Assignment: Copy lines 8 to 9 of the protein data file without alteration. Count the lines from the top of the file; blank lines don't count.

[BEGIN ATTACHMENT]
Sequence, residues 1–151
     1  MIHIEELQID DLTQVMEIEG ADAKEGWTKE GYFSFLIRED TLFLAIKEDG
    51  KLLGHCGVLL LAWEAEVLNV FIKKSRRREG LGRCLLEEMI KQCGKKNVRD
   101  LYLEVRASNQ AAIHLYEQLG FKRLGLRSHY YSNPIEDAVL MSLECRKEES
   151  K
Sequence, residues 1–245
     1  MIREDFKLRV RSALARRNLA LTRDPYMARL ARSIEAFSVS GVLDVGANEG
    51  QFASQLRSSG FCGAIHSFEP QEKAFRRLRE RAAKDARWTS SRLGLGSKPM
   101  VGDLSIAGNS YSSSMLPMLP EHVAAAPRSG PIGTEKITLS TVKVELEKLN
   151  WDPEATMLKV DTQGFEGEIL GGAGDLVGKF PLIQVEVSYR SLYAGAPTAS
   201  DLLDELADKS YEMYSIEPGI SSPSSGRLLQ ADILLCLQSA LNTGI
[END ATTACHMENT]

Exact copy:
    51  QFASQLRSSG FCGAIHSFEP QEKAFRRLRE RAAKDARWTS SRLGLGSKPM
   101  VGDLSIAGNS YSSSMLPMLP EHVAAAPRSG PIGTEKITLS TVKVELEKLN